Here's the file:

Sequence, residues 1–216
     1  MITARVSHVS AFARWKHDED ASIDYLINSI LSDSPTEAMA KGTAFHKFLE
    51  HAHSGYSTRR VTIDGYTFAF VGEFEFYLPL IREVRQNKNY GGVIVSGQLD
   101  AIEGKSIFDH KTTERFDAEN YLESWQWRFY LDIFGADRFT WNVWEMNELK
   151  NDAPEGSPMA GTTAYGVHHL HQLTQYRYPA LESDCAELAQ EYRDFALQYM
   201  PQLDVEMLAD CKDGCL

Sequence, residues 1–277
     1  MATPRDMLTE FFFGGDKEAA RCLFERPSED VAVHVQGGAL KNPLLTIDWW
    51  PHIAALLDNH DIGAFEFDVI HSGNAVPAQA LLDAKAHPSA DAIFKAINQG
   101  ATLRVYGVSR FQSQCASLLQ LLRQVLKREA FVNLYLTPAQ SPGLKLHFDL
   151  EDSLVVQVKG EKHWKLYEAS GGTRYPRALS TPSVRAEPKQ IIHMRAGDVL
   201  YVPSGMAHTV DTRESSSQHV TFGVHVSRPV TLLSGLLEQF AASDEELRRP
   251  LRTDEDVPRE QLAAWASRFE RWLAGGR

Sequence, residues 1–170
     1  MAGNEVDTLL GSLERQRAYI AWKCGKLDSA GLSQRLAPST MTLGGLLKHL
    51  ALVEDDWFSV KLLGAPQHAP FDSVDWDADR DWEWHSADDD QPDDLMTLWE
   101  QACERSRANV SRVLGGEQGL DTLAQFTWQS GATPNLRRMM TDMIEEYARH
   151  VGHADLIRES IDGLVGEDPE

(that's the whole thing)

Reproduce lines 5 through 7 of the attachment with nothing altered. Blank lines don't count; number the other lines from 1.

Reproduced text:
   151  NDAPEGSPMA GTTAYGVHHL HQLTQYRYPA LESDCAELAQ EYRDFALQYM
   201  PQLDVEMLAD CKDGCL

Sequence, residues 1–277